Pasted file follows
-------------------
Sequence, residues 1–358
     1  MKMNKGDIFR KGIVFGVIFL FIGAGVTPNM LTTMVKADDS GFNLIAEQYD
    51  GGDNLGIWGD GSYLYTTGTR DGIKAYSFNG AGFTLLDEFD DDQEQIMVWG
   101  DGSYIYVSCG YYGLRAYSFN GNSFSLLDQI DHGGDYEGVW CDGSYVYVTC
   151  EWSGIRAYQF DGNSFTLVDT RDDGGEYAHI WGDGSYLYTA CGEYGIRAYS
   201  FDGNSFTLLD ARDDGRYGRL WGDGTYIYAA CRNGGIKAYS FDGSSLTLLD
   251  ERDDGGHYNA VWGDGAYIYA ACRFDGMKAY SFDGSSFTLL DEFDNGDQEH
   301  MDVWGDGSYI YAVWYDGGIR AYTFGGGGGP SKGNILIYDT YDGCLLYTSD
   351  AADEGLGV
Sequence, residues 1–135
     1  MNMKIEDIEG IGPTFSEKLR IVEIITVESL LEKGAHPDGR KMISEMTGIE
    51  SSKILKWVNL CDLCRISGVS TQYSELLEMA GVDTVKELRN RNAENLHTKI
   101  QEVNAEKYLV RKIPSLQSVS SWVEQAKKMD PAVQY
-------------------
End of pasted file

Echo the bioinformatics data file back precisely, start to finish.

Sequence, residues 1–358
     1  MKMNKGDIFR KGIVFGVIFL FIGAGVTPNM LTTMVKADDS GFNLIAEQYD
    51  GGDNLGIWGD GSYLYTTGTR DGIKAYSFNG AGFTLLDEFD DDQEQIMVWG
   101  DGSYIYVSCG YYGLRAYSFN GNSFSLLDQI DHGGDYEGVW CDGSYVYVTC
   151  EWSGIRAYQF DGNSFTLVDT RDDGGEYAHI WGDGSYLYTA CGEYGIRAYS
   201  FDGNSFTLLD ARDDGRYGRL WGDGTYIYAA CRNGGIKAYS FDGSSLTLLD
   251  ERDDGGHYNA VWGDGAYIYA ACRFDGMKAY SFDGSSFTLL DEFDNGDQEH
   301  MDVWGDGSYI YAVWYDGGIR AYTFGGGGGP SKGNILIYDT YDGCLLYTSD
   351  AADEGLGV
Sequence, residues 1–135
     1  MNMKIEDIEG IGPTFSEKLR IVEIITVESL LEKGAHPDGR KMISEMTGIE
    51  SSKILKWVNL CDLCRISGVS TQYSELLEMA GVDTVKELRN RNAENLHTKI
   101  QEVNAEKYLV RKIPSLQSVS SWVEQAKKMD PAVQY